First point on the tour is that no cameras are allowed. What? Yup, no cameras and that sucks because the tour was great. Each and every guitar takes 7 weeks to complete because they seriously are made by hand each step of the way and virtually 100 percent of the materials of the structure are hard woods and glue. Nothing is made by a machine. That is mind blowing for me and while on this tour, I kept thinking how amazing that notion of a hand made anything still exists. Even the painting of the guitar is by hand, by an artist — no robotics here. And it takes a tremendous amount of tasks and time at each station to complete the guitar. If you’ve never held one of these puppies, well they are solid and heavy pieces of music making machinery. I would pay the $5,000 just to have this custom piece of art on my shelf. I left the factory tour shocked and happy. I now have a real respect for Gibson guitars — the tour accomplished its job.
From there I walked about a half hour to my next stop — the Super iconic and historic SUN Studios. That’s the place where Rock ‘n Roll was born by its genius steward, Sam Philips. So my walk did come with a bit of fear because downtown Memphis is a ghost town. I was not sure if I was walking in a safe place — but I figured that I was ok — still scared, but on a mission.
Sam Philips and his studio at 706 Union Avenue in the 1950’s discovered such important talents as Elvis Presley, Johnny Cash, Carl Perkins, Jerry Lee Lewis and more. Others who played at the SUN Studio were Roy Orbison, BB King, Little Richard and the artists of the time. Most people reading this do not have a clue who these folks are, but let me tell you that they represented the birth of Rock. In those days, it was meshed along with the Blues and Country. Just amazing. Sam Philips was the visionary — almost unequalled because he was not in NYC or LA and he was not a big executive at a big label, or he was not bankrolling with big money — no he was in poor and uneducated Memphis and more so, he got his talent transformed into worldwide names. Now show me an equal to that feat.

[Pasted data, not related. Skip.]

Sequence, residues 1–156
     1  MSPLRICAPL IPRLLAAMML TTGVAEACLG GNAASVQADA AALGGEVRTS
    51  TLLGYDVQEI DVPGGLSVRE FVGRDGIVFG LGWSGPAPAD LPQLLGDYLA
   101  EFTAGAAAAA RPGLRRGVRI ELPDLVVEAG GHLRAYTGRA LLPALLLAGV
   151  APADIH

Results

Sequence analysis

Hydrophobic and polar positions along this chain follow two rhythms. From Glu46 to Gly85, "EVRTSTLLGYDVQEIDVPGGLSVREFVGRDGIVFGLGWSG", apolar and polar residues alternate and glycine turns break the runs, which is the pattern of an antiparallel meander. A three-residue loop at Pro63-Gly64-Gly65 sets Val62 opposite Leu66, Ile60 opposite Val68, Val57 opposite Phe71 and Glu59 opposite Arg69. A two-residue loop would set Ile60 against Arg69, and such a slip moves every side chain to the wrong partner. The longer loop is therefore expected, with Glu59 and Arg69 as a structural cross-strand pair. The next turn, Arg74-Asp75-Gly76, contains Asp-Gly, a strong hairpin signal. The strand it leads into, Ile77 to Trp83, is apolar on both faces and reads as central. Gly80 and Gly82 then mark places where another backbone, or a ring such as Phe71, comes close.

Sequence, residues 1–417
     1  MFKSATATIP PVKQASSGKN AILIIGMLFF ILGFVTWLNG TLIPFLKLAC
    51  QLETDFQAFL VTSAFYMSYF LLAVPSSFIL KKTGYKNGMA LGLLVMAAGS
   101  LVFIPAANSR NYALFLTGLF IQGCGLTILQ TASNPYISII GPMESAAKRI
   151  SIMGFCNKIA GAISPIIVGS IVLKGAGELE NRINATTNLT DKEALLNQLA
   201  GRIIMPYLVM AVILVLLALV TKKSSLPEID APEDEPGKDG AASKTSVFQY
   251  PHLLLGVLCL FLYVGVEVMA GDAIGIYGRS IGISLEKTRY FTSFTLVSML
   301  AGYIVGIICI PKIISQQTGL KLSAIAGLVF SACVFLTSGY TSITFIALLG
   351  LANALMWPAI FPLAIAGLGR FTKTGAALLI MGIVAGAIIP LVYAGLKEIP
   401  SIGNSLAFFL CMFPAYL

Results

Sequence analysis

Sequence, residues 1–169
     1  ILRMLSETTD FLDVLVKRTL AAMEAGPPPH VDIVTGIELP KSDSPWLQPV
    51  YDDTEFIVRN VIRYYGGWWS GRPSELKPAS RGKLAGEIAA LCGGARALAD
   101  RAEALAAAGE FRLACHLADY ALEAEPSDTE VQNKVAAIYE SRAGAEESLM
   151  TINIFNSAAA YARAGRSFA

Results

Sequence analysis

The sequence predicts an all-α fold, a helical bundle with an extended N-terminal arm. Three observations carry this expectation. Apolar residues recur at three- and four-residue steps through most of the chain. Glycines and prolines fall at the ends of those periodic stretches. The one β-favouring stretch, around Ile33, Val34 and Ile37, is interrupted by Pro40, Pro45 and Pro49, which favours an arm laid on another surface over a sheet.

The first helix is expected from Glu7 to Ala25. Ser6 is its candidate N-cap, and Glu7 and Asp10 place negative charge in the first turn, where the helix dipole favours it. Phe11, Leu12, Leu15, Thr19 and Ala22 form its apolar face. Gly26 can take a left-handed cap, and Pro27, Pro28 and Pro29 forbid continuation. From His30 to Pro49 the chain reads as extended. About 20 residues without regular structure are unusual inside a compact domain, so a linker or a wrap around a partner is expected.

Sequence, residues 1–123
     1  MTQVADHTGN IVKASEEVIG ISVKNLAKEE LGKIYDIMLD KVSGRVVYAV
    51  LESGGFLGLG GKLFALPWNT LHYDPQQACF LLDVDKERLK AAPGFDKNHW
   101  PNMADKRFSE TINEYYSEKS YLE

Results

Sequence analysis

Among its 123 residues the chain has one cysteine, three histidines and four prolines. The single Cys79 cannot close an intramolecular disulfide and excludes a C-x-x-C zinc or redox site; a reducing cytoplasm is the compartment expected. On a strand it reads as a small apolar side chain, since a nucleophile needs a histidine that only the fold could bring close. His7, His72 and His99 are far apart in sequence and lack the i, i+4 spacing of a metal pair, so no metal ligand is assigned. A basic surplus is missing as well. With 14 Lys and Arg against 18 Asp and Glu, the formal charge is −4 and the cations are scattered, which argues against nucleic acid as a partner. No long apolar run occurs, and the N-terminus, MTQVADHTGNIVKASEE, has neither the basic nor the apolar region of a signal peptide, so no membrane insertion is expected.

By 1968 the studio and its label had closed down. In the 1980’s someone bought the old building and turned it into back into a historic site — which it is. They brought it back to the old studio atmosphere — along with the equipment and lots of props from the old studio days. This all equates to a real emotional 40 minute tour. I’m not saying that I care about Elvis or others, but when you go there, first thing you notice is that each day starting in March until September, probably 1,000 or more people visit this small storefront and studio. The place is packed all the time and I had to wait one and half hours for my tour time so I saw hundreds of people pass by. More interesting is the amount of merchandise sold — what a business. The studio is real old looking — exactly as it did in 1960, but it is still an active studio for locals or even celebrities posing. In 1986, U2 recorded 2 songs there for its Rattle and Hum album.
Back to the tour, it was super interesting and really brings you back to the day — a simpler time, that represents the era before I was even born, but still, I appreciate it a ton. So cool.
Back to the hotel at 7 pm and pretty beat up tired. Tomorrow, OKC.